Nawara does not mention the excessive force used to break up the Rabia al-Adawiya encampment on Aug. 14 and the damage that this most serious incident of political violence in Egypt’s recent history will do to efforts to restore stability. The fact that shooting protesters has now become a common method of crowd control will only add to grievances that could lead to further retaliatory violence.

Nawara states that the Working Group “assumes” the Egyptian government “is harsh and repressive.” We do not assume; we give specific examples of incidents of repression. The fact that some, many or “most” Egyptians, as Nawara asserts, support these tough measures does not make them lawful, moral or wise.

Nawara seems to accuse the Working Group of promoting ideas and holding views that were not expressed in our letter, and that I do not espouse. I am not a supporter of “stimulating creative chaos to reshape the Middle East,” for example, or of “granting terrorists, or their allies, control of a country like Egypt,” and, the letter did not say that the constitutional referendum was a “sign of repression.” We did point out the irony of celebrating the adoption of a constitution that upholds basic rights and freedoms while the authorities brazenly disregarded those very same rights and freedoms before and after the vote.

Nawara is correct that US aid to Egypt is only a small fraction of the country’s GDP, but the symbolic weight of the United States giving its approval to the Egyptian government’s policies by certifying that it is “taking steps to support a democratic transition” is much greater than that. That is why the Egyptian government is making efforts to convince US policymakers, in the face of much evidence to the contrary, that it is on a democratic path. My organization, Human Rights First, believes that the United States government best advances its interests by promoting universal values of human rights in its relations with other countries, and especially with key allies, like Egypt. Certifying that progress toward democracy exists, when plainly it does not, would undermine the credibility of the United States as a global leader on human rights. Far from leading to stability in Egypt, the repression that Nawara condones, risks having the opposite effect. Egypt’s own recent history provides ample evidence that authoritarianism produces neither stability, nor sustainable development.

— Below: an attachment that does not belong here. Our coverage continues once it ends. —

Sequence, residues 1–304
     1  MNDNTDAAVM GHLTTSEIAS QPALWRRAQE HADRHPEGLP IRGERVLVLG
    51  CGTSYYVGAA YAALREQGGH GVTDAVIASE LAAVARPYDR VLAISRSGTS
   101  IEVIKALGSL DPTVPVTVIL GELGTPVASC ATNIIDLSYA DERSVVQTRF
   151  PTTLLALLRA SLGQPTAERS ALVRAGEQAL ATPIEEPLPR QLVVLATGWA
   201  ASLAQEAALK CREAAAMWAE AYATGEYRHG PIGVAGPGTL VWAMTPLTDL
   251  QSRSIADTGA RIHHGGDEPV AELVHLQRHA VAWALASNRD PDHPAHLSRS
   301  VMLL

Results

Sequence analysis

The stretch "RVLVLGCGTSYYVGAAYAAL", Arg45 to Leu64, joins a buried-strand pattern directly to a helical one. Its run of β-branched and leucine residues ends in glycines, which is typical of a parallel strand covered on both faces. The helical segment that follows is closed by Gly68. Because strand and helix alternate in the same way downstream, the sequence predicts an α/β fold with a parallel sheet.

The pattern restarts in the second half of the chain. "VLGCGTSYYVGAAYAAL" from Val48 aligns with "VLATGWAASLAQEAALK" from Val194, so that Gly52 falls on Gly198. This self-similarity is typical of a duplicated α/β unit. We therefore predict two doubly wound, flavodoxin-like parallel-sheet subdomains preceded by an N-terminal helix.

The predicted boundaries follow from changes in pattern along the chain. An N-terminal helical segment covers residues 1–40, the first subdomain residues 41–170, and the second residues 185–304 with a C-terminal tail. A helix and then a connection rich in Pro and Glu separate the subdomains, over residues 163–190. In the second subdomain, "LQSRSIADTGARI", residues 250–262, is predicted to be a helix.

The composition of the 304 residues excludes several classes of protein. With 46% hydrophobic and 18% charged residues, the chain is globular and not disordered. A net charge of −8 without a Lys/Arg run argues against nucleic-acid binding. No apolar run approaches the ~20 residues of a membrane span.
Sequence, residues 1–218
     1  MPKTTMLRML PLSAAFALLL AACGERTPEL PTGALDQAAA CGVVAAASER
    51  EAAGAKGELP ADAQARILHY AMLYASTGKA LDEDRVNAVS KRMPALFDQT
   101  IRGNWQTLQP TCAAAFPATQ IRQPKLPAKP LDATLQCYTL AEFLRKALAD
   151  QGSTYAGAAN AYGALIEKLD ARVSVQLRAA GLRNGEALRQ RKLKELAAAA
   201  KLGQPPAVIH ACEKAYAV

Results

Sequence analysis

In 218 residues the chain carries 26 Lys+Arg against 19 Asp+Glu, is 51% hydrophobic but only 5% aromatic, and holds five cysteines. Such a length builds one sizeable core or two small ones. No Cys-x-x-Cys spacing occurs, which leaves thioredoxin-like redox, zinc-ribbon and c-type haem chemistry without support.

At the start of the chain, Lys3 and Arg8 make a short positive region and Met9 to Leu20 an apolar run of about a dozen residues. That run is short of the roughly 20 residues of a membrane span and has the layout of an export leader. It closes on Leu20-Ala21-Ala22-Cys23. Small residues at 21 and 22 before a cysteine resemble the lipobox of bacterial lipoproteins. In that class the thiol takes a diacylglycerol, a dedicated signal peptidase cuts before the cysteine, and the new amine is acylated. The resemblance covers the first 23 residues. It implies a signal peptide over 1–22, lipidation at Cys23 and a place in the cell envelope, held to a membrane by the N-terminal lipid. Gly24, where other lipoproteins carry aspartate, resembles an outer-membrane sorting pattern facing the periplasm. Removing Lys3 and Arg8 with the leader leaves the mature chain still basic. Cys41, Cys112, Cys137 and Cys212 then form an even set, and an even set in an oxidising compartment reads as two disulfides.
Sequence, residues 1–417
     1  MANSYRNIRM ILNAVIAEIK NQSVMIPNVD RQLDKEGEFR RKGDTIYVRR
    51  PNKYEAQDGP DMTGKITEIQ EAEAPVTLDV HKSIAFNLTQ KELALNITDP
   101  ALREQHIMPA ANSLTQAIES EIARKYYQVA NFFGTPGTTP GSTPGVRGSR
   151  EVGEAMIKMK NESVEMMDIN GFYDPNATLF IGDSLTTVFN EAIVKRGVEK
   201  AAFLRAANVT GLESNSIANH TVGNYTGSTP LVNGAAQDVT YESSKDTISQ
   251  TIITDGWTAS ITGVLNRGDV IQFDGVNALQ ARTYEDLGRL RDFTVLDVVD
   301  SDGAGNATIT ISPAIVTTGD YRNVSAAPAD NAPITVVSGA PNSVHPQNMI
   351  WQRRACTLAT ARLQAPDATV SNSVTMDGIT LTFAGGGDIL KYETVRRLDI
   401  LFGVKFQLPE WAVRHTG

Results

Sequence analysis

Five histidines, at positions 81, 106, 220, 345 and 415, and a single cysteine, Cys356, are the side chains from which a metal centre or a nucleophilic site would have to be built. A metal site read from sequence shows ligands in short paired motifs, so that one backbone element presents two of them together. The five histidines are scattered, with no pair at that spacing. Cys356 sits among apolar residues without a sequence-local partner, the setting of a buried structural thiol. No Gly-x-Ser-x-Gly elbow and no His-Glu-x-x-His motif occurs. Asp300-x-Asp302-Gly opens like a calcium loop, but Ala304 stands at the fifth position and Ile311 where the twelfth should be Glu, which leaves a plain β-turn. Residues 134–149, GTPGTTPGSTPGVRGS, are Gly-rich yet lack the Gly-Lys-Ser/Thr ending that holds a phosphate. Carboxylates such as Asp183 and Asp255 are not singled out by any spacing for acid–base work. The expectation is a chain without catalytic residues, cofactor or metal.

As we stated in our letter, “[S]ince the events of 2011, the populace is more mobilized, more involved in politics, and more divided than ever. In these circumstances, pluralistic democratic institutions, and an opportunity for freedom of speech and assembly, will be necessary to allow citizens to struggle peacefully to resolve those divisions through compromise and democratic decision making.” That is the democratic path that we are urging the US government to encourage the Egyptian government to follow. I believe that such policies would serve the best interests of Egypt and of the United States, and would provide the best chance of Egypt avoiding the catastrophic possibility of a descent into long-term instability that we all wish to avoid.

(Neil Hicks is a member of the Working Group on Egypt. The views expressed here are his own and do not necessarily reflect those of other members of the group.)

The US Working Group is right on Egypt – Al-Monitor: the Pulse of the Middle East.

Wael Nawara’s letter is to be found here: